History of Coffins

A coffin or casket is a box where the remains of a person are placed as to be viewed and then either buried or cremated. Death has always been part of the life of a human, therefore, there has always been a need for some type of memorial service. With time, the traditions have changed and the funeral services will depend on the cultural background of the departed. In some regions of the world, people want to preserve the body for as long as they can, in others they just want to give the deceased a dignified farewell.

Early Man

The word ‘coffin’ derives from the Greek word ‘kophinos’which means basket. The principle has always been the same; provide the body with a decent, closed box or container in which it can be buried underground. The early man had different types of burials depending on the region that they belonged to. For example in Egypt people with money such as the pharaohs were placed in sarcophagus’s that were later placed inside one among many pyramids. The Celts had a different way of making their caskets.They would place flat stones together creating the shape of a box. Later on, the noblemen of Europe started using jewels in the creation of theircoffins.This gave way to the creation of more decorative caskets.

Modern Man

The modern man started implementing the use of other materials in the manufacturing or creation of coffins. The size and shape of a coffin is very much the same in all parts of the world, with variations depending on the individual that is about to be buried. Cremation has also grown popular given the fact that many believe man came from dust and to dust he shall return. Given the increasing demand, an industry was started with the manufacturing of coffins. Most of the time the coffins are mass-producedand sold to funeral homes that later sell them directly to the public. There are some traditions that have remained pretty much the same.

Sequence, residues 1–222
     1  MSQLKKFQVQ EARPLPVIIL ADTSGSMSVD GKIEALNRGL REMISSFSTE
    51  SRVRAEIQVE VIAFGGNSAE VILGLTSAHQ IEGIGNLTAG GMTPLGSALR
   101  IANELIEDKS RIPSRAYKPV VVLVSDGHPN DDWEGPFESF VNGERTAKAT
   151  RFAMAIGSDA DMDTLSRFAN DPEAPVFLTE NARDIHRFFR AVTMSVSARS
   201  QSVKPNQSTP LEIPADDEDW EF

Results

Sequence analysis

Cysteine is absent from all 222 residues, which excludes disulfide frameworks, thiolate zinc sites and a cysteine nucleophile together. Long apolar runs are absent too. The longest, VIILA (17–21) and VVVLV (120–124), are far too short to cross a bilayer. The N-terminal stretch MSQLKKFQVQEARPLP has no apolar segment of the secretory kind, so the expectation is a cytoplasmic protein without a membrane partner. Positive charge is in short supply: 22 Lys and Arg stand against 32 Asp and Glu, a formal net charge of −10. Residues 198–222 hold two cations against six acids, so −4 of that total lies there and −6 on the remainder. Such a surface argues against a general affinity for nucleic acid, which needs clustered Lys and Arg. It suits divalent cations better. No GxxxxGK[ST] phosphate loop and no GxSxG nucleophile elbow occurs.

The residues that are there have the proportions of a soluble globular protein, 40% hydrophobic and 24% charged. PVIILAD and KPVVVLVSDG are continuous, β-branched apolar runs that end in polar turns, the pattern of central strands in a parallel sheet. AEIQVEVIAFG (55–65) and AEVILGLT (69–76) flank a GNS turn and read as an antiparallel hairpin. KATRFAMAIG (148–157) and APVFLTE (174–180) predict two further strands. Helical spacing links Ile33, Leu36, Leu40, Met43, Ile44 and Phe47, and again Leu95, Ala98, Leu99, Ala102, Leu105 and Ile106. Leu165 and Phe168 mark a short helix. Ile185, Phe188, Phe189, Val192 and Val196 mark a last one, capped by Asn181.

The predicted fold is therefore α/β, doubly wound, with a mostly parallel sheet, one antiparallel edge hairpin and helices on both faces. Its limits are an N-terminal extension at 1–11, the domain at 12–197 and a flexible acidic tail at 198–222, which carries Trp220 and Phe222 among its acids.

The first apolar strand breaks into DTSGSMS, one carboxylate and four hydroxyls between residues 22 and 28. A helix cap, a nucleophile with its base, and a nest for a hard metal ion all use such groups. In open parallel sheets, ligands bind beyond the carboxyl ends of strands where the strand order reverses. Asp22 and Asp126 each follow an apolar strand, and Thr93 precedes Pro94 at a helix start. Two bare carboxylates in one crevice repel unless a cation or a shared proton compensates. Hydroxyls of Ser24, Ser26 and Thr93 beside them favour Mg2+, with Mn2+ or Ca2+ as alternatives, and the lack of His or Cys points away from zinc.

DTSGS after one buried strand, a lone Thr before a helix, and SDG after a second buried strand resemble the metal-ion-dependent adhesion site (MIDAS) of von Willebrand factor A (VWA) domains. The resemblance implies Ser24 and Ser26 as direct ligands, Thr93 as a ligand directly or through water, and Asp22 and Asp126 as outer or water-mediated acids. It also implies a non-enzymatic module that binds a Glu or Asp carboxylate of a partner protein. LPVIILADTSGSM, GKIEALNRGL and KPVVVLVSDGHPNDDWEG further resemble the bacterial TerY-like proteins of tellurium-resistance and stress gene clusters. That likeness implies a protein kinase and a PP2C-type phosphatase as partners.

Current Man

The current man still maintains the same burial traditions as the modern man; however, new trends are starting to cut their way through into the coffin industry. One recent and strong trend is the availability of a biodegradable coffin. The environment has been impacted negatively by the behavior of humansand people are trying to become ‘greener’ towardsthe environment. This has allowed the biodegradable coffins to run up a high demand: more and more people are looking forward to being buried in an eco-friendly coffin AS they will degrade faster and will pose no harm to the environment. These coffins can also be used for cremation purposes because they are made of all natural, combustible materials thatareeasier to cremate versusmetal materials such as bronze or copper. Currently, there are also people that have stated in their will that they’d like to be buried in a coffin that has aunique shapeor theme; for example, sports.